Nightmare on TSQL Street – #TSQL2sday

Thank you to Nick Haslam ( blog | twitter ) for providing the topic for T-SQL Tuesday #35: What is your most horrifying discovery from your work with SQL Server? Nick, I have never even heard of Soylent Green, let alone watched it. So, I’ll be interested to see if other posters have seen the movie. I’m more of a Nightmare on Elm Street kinda guy, for obvious reasons – and no, I’m not related to Freddy Krueger or SQL MVP Ted Krueger ( blog | twitter ).

Nightmare on TSQL Street: The Case of the Missing Cache – Based on a True Story

This is a cautionary tale of Operations understanding a new application as well as the team that developed the application. The non-linear narrative is used for extra dramatic effect.

Scene One – The Discovery

The handsome Development DBA (aren’t they all?) was exhausted from fighting with Operations about getting read-only access to the Production servers to help with maintenance issues. The system was still in its infancy and there weren’t many devices on the system yet. We see our friendly neighborhood DBA taking care of some long overdue exploration in the production databases to make sure that the system is working as planned. You should picture this as a teenager that just walked off into the woods alone for no good reason. As a matter of fact, this DBA was also wearing headphones and had no idea what was about to sneak up on him. The DBA had really wanted access to the DMVs, because that gives him a glimpse into how the business application is affecting SQL Server (The Beast). So, he did what any DBA in a horror movie would do, he checked the top sprocs by execution count – I believe the code is from Glenn Berry’s ( blog | twitter ) Diagnostic Information Queries:

qt.text AS 'SP Name'
, qs.execution_count AS 'Execution Count'
, qs.execution_count / DATEDIFF(Second, qs.creation_time, GETDATE()) AS 'Calls/Second'
, qs.total_worker_time / qs.execution_count AS 'AvgWorkerTime'
, qs.total_worker_time AS 'TotalWorkerTime'
, qs.total_elapsed_time / qs.execution_count AS 'AvgElapsedTime'
, qs.max_logical_reads
, qs.max_logical_writes
, qs.total_physical_reads
, DATEDIFF(Minute, qs.creation_time, GETDATE()) AS 'Age in Cache'
FROM sys.dm_exec_query_stats AS qs
CROSS APPLY sys.dm_exec_sql_text(qs.sql_handle) AS qt
WHERE qt.dbid = DB_ID() -- Filter by current database
ORDER BY qs.execution_count DESC

[You see the DBA’s face go pale as Scene One ends]

Scene Two – The Flashback

Once upon a time, there was an application that was to have hundreds of thousands of devices connected to a central repository. These devices were known to have various issues from time to time, and there was a business requirement to report those issues back to the central repository where corrective action could be taken. There was also a business requirement to send a heartbeat, even when there were no issues, just to know that the device hadn’t gone offline. The Development DBA insisted that the application developers tread lightly on the database where possible, and they did. In a proof of concept completed before this application began, we had validated our architecture which included caching to reduce the strain on the central server. The device would hit the cache, and as long as the status hadn’t changed, there was no reason to update the central repository. The application could hit the cache to get the latest information, and The Beast would store changes in history.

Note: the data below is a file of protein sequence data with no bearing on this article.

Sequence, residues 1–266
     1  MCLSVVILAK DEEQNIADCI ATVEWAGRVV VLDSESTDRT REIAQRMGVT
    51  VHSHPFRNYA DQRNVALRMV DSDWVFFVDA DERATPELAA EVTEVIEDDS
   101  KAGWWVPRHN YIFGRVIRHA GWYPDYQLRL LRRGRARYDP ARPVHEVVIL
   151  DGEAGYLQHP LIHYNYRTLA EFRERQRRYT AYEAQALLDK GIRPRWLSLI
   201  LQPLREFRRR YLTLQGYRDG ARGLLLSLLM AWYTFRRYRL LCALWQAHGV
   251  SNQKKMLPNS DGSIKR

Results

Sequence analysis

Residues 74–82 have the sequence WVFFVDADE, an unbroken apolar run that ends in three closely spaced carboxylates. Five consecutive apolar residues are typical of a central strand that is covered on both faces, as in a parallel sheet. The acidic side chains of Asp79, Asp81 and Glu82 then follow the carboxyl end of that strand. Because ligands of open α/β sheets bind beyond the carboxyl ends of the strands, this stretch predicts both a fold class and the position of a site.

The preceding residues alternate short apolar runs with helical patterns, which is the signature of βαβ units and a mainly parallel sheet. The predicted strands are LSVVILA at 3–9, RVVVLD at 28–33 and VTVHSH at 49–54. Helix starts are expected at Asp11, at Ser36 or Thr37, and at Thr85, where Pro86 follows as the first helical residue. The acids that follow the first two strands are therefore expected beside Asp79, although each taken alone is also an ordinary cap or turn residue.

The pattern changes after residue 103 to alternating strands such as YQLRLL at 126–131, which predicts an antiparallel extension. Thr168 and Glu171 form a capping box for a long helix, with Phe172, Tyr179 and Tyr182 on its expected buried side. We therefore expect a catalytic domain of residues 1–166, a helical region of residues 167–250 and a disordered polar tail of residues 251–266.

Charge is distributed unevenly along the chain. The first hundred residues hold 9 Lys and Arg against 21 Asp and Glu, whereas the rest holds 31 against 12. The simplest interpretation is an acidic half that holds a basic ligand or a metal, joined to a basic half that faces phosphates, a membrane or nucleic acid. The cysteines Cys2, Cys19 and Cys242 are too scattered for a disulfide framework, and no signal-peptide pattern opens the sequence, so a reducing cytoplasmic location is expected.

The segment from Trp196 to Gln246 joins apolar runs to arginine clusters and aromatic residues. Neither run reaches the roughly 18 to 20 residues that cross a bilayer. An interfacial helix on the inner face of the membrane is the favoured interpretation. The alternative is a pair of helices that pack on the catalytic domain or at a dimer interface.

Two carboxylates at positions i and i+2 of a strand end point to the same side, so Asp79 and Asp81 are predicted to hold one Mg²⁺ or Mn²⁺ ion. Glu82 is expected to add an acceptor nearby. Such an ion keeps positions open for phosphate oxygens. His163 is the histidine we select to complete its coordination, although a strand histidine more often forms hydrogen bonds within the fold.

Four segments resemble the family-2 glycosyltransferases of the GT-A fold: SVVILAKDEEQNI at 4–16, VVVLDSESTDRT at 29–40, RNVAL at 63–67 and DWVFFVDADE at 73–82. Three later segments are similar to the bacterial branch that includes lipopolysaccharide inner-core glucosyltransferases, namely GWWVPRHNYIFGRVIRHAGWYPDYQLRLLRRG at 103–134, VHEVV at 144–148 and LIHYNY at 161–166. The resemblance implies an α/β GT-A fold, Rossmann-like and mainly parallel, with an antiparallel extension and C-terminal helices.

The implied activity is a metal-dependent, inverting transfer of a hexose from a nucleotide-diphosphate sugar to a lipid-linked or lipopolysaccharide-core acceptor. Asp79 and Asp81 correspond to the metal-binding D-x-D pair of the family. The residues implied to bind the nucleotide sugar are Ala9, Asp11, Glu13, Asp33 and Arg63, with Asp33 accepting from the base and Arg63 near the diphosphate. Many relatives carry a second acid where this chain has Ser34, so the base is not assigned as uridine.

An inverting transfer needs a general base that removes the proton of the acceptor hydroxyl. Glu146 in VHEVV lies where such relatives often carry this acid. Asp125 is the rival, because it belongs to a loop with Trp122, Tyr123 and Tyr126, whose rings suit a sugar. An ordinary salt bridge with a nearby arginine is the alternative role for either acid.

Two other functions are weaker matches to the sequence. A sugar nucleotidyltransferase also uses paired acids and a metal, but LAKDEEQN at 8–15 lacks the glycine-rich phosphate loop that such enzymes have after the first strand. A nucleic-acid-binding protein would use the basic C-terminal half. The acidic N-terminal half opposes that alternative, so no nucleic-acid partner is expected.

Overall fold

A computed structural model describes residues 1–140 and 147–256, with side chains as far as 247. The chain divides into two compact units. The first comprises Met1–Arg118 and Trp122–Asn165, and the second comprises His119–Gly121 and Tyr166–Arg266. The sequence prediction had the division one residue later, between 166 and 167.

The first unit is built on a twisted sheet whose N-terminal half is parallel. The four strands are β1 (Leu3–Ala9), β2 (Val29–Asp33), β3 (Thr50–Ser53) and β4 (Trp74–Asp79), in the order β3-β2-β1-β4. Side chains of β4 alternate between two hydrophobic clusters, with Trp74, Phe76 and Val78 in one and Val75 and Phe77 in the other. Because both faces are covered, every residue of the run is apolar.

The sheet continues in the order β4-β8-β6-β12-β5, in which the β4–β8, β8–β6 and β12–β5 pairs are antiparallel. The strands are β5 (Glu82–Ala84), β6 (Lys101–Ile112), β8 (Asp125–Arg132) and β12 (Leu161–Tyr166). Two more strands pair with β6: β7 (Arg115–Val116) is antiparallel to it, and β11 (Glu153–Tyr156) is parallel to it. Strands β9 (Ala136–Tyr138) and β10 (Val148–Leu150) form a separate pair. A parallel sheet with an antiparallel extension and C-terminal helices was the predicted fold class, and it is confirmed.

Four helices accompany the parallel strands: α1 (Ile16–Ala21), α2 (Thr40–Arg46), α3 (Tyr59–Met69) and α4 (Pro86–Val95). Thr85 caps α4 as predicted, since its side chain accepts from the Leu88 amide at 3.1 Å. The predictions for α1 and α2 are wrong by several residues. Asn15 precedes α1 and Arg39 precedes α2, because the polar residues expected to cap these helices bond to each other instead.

Scene Three – The Lesson

The camera moves off the DBA’s pale face and zooms in on his monitor. Where he had expected to see maybe 10K executions, he saw 10M executions (that’s three extra zeroes folks). Imagine a denial of service attack – and the calls are coming from inside your own house!! This was a big system, and the parts had all been tested individually, and to a large degree comprehensively. But it was especially challenging to test those devices, and the testing certainly didn’t include database monitoring for edge cases. The lesson learned is that either the Development DBA needs to take on some of the Operational responsibilities, or Operations needs to be much more involved in the development of the application. There’s just to much to ‘hand off’ once the application ships. The Beast was a large server, so it could absorb those 10M executions, and the Operational DBA wouldn’t have known that the caching tier should have absorbed the large majority of those hits. This story had a happy ending, because it was spotted before too many devices were connected in the wild, but it could have been very bad news.

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